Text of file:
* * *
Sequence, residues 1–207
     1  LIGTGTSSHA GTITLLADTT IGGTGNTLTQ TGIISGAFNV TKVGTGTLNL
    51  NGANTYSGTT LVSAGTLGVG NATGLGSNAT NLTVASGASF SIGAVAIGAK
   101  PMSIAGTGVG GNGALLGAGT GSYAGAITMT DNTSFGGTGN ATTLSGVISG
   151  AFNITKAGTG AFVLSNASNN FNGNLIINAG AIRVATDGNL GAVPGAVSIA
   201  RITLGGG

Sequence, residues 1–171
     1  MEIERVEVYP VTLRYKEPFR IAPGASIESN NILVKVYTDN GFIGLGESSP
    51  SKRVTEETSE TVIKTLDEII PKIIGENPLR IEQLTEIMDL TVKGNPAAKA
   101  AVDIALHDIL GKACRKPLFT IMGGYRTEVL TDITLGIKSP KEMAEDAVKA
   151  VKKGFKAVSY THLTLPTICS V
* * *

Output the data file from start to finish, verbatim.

Sequence, residues 1–207
     1  LIGTGTSSHA GTITLLADTT IGGTGNTLTQ TGIISGAFNV TKVGTGTLNL
    51  NGANTYSGTT LVSAGTLGVG NATGLGSNAT NLTVASGASF SIGAVAIGAK
   101  PMSIAGTGVG GNGALLGAGT GSYAGAITMT DNTSFGGTGN ATTLSGVISG
   151  AFNITKAGTG AFVLSNASNN FNGNLIINAG AIRVATDGNL GAVPGAVSIA
   201  RITLGGG

Sequence, residues 1–171
     1  MEIERVEVYP VTLRYKEPFR IAPGASIESN NILVKVYTDN GFIGLGESSP
    51  SKRVTEETSE TVIKTLDEII PKIIGENPLR IEQLTEIMDL TVKGNPAAKA
   101  AVDIALHDIL GKACRKPLFT IMGGYRTEVL TDITLGIKSP KEMAEDAVKA
   151  VKKGFKAVSY THLTLPTICS V